Google Analytics is a fantastic tool that provides real-time data on your website traffic. But as anyone who’s looked at it knows, the interface is overwhelming and confusing. It can be hard to find the information you need.
1. Website Traffic
The first thing you’ll see any time you sign into Google Analytics is your basic traffic information in the Reporting dashboard.
This page tells you:
- How many total visits people have made to your website;
- How many of them are repeat visitors;
- How many pages have been visited;
- How long people usually stay on your site once they get there; and
- How many pages most visitors visit before leaving.
These metrics reveal a basic level how well your website is performing.
No matter what type of website you have, you probably want to receive a lot of traffic and you want it to be from visitors that like your website enough to hang around for a while and even come back later for more. These metrics tell you to what degree that’s happening.
To learn a little more about who your site visitors are, navigate to the Audience section in the left-hand menu. Here you can learn basic demographic information about your visitors, including:
- Other interests their internet browsing reveals
- Geographic location
- What type of device they visited on (mobile, desktop, or tablet)
These metrics reveal if the audience you’re meaning to reach is the one you’re actually getting. If it isn’t, you can shift your strategy based on the characteristics and interests of the visitors coming to your site.
Knowing which devices people are coming from also helps you determine how important having a mobile website and marketing strategy is (hint: it’s probably very important).
3. Traffic Sources
Most of your online marketing efforts are likely devoted to pointing people back to your website. The best way to see if they’re working is to track which marketing channels bring new traffic to the website.
The Acquisition section in Google Analytics is where you’ll see how visitors found you.
This section gives you an idea of how well your SEO efforts, social media marketing, and email marketing are all paying off.
4. Visitor Behavior
Getting people to your website is just the beginning. You want them to like what they see and stick around once they get there as well.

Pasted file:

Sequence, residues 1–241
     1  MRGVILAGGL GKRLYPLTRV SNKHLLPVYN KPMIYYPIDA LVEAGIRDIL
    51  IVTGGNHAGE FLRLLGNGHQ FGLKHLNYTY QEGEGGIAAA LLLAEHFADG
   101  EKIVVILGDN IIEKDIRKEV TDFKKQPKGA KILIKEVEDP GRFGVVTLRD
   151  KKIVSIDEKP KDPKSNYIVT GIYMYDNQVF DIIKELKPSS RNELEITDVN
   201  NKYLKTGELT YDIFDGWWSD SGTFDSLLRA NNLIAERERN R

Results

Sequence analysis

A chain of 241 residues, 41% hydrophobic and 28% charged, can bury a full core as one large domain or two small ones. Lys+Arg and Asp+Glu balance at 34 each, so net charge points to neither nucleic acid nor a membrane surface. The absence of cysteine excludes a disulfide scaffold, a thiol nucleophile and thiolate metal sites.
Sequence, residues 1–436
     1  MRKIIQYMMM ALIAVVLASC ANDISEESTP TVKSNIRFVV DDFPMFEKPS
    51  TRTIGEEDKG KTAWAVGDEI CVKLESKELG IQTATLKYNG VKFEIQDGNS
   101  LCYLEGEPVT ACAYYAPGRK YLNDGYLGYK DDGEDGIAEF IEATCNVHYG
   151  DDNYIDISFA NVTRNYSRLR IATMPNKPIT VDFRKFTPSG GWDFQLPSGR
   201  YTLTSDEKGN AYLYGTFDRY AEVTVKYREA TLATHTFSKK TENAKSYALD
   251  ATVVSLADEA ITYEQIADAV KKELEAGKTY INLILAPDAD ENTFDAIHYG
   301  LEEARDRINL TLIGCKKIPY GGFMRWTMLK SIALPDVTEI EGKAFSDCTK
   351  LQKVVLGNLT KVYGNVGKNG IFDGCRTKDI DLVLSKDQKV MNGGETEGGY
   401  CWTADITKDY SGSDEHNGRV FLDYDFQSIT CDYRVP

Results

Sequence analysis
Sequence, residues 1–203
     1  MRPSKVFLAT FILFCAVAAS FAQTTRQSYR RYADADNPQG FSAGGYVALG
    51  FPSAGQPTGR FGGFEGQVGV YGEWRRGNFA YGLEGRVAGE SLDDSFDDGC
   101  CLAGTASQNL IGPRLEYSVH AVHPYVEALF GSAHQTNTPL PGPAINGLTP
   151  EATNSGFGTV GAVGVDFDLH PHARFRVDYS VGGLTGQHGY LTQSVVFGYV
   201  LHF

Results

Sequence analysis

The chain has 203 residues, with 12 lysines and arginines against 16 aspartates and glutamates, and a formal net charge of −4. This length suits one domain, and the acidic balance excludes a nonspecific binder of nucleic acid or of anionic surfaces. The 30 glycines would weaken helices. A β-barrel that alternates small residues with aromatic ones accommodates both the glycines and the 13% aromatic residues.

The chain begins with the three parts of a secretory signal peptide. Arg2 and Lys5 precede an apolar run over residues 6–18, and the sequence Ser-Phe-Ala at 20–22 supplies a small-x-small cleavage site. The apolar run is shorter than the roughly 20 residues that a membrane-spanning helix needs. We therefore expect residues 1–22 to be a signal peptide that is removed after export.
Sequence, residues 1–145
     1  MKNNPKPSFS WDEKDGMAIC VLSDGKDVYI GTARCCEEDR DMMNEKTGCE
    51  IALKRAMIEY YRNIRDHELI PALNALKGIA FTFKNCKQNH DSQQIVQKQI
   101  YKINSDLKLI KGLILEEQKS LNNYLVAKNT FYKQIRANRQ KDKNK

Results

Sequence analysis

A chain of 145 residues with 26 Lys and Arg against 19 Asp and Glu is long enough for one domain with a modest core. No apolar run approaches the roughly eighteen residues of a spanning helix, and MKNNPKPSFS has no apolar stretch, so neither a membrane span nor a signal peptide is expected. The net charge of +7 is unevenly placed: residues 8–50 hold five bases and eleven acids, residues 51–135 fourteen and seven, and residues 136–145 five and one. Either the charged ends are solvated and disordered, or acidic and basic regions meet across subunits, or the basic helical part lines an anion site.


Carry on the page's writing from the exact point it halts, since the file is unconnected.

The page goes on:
The Behavior section of Google Analytics lets you know what your visitors are doing once they arrive on your website. You can see which pages they visit the most, how long they tend to spend on them, and which pages consistently lead visitors to click through to other pages.
This section also helps you see how specific pages on your website are performing and illuminates which ones could use some work.
If you have a content strategy, the data here can help you understand which topics and content types your visitors respond to the most in order to strengthen your strategy moving forward.
5. Conversion Rates
Finally, most websites should have at least one conversion goal and most will have several.
If you have an online store, the main goal is to get visitors to buy your products. If you do email marketing, one of your goals should be to get people to join your email list. For some pages and blog posts, the goal could be to get people to click through to a different landing page or post.
You can tell Google Analytics what your main conversion goals are for the website, and even how much each goal is worth to you. Then a Conversions section will appear next to Acquisitions and Behavior.
Review this regularly to track, in specific terms, how well your website is meeting your goals.
That’s Just the Beginning
The more you use the data the tool makes available, the better you’ll be at crafting your website to please your visitors and meet your goals.
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